Transforming neurorehabilitation of walking following stroke: The promise of non-invasive brain stimulation - A review

L. M. Rogers*, S. Madhavan, H. Roth, J. W. Stinear

*Corresponding author for this work

Research output: Contribution to journalReview article

12 Scopus citations

Abstract

Purpose: This narrative review discusses the neurophysiology of human motor cortex as it influences gait, and recent advances in the application of non-invasive brain stimulation to the lower limb motor cortex of stroke survivors. Although walking is a high priority following stroke, the efficacy of promising new therapies has yet to warrant their widespread clinical use. For the upper limb, numerous brain stimulation protocols have been described. These protocols, adapted for the leg, are now being used to examine the cortical control of gait. This research discounts the long-held notion that "we walk from our spinal cords". Methods: Our review describes this research as it relates to the lower limb, especially the use of non-invasive brain stimulation to enhance neuroplasticity. The review also discusses the possible development of a prognostic algorithm for walking recovery after stroke. Conclusion: This review concludes with the expectation that novel brain stimulation protocols combined with therapy will eventually demonstrate a level of effectiveness sufficient to promote their wide acceptance in neurorehabilitation settings.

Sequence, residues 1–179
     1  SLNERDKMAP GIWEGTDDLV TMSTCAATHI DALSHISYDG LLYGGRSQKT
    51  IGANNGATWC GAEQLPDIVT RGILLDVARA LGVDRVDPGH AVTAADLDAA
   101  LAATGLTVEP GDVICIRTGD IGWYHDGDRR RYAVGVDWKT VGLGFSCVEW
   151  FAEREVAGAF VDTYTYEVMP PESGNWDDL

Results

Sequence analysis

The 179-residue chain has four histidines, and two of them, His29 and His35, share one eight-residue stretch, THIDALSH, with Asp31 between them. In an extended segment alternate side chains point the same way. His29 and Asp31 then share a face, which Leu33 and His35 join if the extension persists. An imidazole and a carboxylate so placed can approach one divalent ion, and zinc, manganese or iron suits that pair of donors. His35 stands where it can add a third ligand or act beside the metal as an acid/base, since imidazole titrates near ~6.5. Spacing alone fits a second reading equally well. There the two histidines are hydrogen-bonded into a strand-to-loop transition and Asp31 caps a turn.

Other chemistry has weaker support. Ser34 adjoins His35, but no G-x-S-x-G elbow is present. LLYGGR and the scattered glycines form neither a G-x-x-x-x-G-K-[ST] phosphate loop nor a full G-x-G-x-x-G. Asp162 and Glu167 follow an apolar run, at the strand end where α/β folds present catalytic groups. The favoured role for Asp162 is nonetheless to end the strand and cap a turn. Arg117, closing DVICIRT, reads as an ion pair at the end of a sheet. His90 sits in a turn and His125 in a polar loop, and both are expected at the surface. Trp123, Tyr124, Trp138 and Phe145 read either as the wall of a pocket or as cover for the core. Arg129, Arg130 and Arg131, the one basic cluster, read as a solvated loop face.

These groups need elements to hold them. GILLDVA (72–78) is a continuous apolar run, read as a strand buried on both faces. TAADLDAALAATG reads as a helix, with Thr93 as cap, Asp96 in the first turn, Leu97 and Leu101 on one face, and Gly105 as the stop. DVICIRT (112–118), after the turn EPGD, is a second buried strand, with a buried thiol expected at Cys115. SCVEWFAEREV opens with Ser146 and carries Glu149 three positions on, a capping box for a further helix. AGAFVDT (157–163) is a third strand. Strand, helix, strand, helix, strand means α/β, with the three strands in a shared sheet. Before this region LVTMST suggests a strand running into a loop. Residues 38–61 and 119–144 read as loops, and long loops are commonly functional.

Original languageEnglish (US)
Pages (from-to)507-516
Number of pages10
JournalRestorative Neurology and Neuroscience
Volume29
Issue number6
DOIs
StatePublished - Dec 1 2011

Keywords

  • Non-invasive brain stimulation
  • gait
  • stroke

ASJC Scopus subject areas

  • Neurology
  • Developmental Neuroscience
  • Clinical Neurology

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